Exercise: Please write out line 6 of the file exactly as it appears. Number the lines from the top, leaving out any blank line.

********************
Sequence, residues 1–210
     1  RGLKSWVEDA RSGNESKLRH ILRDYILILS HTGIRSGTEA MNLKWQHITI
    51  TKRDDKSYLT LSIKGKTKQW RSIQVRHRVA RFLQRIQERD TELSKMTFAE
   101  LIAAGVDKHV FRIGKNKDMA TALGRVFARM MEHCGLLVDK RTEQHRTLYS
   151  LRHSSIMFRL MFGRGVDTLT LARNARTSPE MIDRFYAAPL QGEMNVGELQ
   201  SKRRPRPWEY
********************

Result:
   201  SKRRPRPWEY